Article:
I’ve grown up with this herb around me, and I understand its purposes. This herb is used for medicinal, industrial, pharmaceutical purposes. Marijuana we smoke and get high, mon! High times!

Have you felt harassment, whether in Jamaica or in your travels, regarding your use of ganja?

Yeah! Police lock me up for ganja! Police ever see ya with a spliff, they lock you up. It is illegal, and the police get paid to do his job. He has to see to it that there is no illegal substances about. You can’t make the police see the ganja! Just smoke it and keep it in your brain. I’ve been persecuted for marijuana more than once.

It seems that nowadays in Jamaica, there’s more crack and cocaine available. How do you feel about this?
Good question. On such a beautiful island, with so many natural resources, you’ve got crack and cocaine dominating the place. Poor people have got to make a living, and if they see the coke, they don’t think anymore about good or bad. They’ve got to feed their family. And behind closed doors, it’s the government that’s shipping all these things. It’s a big corruption, and it is the people that must get together and vote out those that choose to trick them and hurt them with wicked substances. Herb is herb, and if you’re making something out of a lab—well, then that is “drugs.”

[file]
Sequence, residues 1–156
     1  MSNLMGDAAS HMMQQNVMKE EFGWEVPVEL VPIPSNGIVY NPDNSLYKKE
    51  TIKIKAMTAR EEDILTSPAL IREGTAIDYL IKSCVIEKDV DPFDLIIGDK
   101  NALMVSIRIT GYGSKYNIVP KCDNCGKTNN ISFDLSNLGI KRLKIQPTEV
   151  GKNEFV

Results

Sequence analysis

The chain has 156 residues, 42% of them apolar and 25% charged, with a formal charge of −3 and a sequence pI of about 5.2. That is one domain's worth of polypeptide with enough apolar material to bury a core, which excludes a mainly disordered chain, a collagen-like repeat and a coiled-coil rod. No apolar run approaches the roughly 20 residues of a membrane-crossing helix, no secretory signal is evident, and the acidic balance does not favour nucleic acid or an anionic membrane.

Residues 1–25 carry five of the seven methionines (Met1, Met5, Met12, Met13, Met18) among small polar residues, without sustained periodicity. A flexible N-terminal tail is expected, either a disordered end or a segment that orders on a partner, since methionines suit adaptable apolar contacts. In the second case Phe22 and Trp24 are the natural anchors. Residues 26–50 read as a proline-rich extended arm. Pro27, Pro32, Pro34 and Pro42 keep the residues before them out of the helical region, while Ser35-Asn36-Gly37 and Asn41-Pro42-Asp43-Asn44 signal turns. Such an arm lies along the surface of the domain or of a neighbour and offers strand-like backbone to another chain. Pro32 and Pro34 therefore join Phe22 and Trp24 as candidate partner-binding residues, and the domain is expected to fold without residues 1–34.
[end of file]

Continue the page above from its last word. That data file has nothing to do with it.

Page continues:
In Jamaica, we need to be growing marijuana in tons. Not just for smoking purposes only, but for economic upliftment—as a natural resource, to bring money into the country. We sell sugarcane, cotton and coffee. Marijuana is also there—why are you hiding it? Establish the plant and show the true potential of the plant.

Have you ever grown it yourself?
Truthfully, yes, I’ve grown herbs.

Do you have any recommendations for fertilizers or techniques for our readers?

Well, I’ve lived on the farm from time to time, and all of the fertilizers, they use come from nature. Rastaman, they use very little fertilizers. The soil has its own nourishments naturally from the mountains. We add no chemicals—goat shit, perhaps. Anything you add to the soil, you’re gonna get it back; it goes nowhere. It’s not like the chemicals burn off.

So you prefer organics?
Yes, organics! We get trees taller than me using nothing but nature.

Do you have any advice for tourists coming to Jamaica from America or Europe for their vacation?
First of all, they should look into the history of the country. When you’re coming somewhere, you must make sure you understand the culture of the people. You’re coming to see the beautiful people, the sunshine, the lovely rivers, the waterfalls, the gardens and vegetation and all those things. My advice is for the tourists to be loving towards the Jamaican people. Help to preserve the culture. We wish to eradicate crime and eradicate poverty. Rastafari and love throughout the world!

Any closing message for HIGH TIMES readers?
Yes, HIGH TIMES. Smoke the herbs! Be positive, be conscious, respect yourself and respect others also. Contribute to the world. And to the youths: You may or may not smoke marijuana, but you must understand one thing. Know that it’s only marijuana—it’s not crack or coke, no heroin, none of dem things. Stick to marijuana, stay in school, read a lot, read positive things, read the Bible and respect your culture. Be influential and be creative.